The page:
Security for the hives is another human problem to think about. Hives in remote locations may become targets of vandals who think of them as nuisances to be toppled over just for kicks, or even stolen.
And finally, there are the small-scale hive siting considerations which can go a long way to making your life as beekeeper more carefree and successful.
If you keep your hives near your house, think about how you and your family members (and your near neighbors, too) are presently using their outdoor spaces. Honey bees, if left to their own devices, will generally go about their business without interfering with humans. But if humans and the bees are using the same airspace, conflicts can arise. Think about where you sit, play, work, or eat outdoors. Try to make sure that the bees' flight paths within at least 100 feet from the hive fronts do not directly go through high-use areas. Picnic tables, fire pits, patios, and play areas are all places where bees coming and going to their hive and humans may bump into each other. Sometimes a few sections of eight-foot tall fencing are all that's needed to redirect bee-flight high enough upward to be over the heads of people on the ground. (Think about fencing, too, if neighbors might complain about your bees being in their yards. Of course, you can't redirect yellow jackets or wasps, but you can make sure your honey bees are not being annoying.)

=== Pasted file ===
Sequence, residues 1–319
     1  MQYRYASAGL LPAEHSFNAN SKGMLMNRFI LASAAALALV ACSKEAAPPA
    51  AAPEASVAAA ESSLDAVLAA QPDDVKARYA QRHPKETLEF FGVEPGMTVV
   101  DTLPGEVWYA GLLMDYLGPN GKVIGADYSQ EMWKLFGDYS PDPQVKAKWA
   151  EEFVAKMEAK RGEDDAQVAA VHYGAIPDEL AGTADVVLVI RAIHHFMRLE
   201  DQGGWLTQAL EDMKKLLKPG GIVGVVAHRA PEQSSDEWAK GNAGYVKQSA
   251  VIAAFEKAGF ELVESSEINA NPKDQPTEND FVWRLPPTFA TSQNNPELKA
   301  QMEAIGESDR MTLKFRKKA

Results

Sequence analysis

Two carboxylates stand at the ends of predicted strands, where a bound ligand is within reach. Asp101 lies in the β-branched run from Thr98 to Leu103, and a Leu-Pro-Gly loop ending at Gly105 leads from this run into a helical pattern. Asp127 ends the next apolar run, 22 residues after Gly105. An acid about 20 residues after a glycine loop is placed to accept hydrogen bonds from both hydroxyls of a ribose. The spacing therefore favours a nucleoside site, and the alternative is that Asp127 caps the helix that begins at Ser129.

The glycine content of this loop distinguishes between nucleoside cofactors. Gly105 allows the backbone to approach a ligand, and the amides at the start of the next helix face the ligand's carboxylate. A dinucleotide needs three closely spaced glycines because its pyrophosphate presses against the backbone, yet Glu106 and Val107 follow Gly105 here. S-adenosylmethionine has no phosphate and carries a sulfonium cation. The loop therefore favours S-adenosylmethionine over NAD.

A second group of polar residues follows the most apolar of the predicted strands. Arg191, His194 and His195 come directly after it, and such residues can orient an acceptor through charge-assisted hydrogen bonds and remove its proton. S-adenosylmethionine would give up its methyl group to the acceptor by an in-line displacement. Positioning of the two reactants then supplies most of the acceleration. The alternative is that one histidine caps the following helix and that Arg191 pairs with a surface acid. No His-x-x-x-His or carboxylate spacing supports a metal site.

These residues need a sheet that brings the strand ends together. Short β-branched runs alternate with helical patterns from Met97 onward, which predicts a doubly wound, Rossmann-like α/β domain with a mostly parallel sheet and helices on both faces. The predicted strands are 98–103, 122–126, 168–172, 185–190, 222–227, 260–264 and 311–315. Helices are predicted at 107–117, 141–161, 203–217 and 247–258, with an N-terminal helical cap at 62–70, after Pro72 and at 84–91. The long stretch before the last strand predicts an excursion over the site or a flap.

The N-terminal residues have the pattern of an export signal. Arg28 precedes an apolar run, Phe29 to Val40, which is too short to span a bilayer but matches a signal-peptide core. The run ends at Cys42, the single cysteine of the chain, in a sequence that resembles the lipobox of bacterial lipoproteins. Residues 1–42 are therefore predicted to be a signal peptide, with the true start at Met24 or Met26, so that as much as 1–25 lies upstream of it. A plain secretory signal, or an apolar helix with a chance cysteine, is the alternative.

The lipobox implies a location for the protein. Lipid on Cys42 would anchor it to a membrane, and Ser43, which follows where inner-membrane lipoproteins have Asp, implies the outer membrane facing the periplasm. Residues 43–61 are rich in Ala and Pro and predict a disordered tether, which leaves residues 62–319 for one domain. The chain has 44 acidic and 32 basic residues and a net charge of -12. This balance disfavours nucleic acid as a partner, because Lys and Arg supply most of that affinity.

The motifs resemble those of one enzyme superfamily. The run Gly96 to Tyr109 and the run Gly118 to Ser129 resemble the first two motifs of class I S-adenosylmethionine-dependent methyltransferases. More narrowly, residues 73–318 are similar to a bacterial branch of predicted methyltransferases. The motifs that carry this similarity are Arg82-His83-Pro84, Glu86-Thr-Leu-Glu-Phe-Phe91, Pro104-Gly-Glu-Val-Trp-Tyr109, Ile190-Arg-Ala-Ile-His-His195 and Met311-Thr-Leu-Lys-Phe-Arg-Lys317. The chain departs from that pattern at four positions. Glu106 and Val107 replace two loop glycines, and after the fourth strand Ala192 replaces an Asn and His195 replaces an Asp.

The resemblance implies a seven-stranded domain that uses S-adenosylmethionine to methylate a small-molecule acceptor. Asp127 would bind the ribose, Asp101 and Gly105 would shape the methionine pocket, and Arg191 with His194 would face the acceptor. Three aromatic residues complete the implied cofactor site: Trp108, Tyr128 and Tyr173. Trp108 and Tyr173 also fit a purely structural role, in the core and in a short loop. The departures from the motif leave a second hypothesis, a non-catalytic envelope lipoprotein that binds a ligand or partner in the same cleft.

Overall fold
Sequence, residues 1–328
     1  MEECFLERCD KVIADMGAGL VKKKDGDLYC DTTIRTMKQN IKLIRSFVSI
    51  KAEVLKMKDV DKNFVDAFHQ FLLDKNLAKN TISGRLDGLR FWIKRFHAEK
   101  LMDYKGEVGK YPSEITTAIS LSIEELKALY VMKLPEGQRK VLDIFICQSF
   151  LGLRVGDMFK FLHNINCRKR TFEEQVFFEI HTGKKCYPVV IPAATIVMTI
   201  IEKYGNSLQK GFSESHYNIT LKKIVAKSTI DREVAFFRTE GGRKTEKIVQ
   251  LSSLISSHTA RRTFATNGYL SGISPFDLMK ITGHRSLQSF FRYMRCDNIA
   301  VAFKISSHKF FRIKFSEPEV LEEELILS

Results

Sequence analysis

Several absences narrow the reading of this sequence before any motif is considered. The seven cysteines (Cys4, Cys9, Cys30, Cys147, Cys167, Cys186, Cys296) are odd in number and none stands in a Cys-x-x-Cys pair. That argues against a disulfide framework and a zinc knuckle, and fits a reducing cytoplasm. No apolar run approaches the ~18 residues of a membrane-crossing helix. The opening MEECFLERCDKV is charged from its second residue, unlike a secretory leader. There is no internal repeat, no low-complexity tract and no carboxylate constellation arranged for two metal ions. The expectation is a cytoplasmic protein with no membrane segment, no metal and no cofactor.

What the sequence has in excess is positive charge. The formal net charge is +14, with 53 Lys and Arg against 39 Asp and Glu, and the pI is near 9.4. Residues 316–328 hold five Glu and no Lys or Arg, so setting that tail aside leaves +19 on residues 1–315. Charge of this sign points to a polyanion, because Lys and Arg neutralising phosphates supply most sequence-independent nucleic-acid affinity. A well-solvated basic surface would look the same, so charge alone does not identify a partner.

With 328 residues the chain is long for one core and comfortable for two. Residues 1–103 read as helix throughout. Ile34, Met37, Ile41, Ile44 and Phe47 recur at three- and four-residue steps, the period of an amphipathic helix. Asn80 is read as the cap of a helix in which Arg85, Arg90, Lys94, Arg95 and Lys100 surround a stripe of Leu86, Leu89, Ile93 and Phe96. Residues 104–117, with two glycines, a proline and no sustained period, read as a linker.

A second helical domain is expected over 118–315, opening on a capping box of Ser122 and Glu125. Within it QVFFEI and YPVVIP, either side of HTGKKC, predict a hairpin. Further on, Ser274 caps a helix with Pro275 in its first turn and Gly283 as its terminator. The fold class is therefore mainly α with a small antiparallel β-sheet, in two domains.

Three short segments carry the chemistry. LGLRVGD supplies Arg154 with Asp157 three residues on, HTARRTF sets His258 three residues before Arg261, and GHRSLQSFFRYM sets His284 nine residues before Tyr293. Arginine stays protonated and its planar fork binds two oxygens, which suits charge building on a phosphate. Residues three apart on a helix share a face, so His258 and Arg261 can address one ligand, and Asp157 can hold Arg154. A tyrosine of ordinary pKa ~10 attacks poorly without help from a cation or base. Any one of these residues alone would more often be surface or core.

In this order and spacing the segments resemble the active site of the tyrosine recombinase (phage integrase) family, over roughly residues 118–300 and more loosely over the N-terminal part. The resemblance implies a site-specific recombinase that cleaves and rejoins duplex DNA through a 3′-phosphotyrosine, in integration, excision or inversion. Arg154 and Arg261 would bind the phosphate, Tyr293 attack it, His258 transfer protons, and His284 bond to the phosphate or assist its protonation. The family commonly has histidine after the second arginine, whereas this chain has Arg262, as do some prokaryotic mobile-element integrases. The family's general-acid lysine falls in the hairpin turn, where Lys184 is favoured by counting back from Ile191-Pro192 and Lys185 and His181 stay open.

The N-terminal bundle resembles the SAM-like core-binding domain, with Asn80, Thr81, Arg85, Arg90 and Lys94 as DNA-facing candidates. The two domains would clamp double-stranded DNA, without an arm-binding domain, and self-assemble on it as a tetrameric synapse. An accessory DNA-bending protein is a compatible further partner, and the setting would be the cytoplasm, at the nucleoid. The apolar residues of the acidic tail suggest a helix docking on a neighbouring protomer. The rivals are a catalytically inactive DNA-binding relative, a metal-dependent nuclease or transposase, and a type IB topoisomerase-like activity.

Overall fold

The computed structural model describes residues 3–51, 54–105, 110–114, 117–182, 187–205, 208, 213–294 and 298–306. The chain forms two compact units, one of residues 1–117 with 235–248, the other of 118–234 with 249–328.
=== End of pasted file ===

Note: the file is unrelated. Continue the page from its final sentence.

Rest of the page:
When considering conflicts between humans' outdoor activities and bees, don't forget to think through the whole year.
All these factors will have an impact on the success of any proposed bee yard. Some may be modifiable (you can add bear fencing, for instance), but some may remain difficult to solve. Since the analysis of each site is multifactorial and it's hard to keep so many decision points in mind, we've made a chart that you can print and fill out for each possible location. Make your best estimate in each category of the better, or more problematic status of each one. What will emerge is a scatter chart that will visually reveal which site has the best overall siting characteristics. If you can modify any factor and move it towards a more positive position, just make a note of it as a “cost” of a particular site. You can consider all the factors listed on the chart or just a few of the most important ones to you.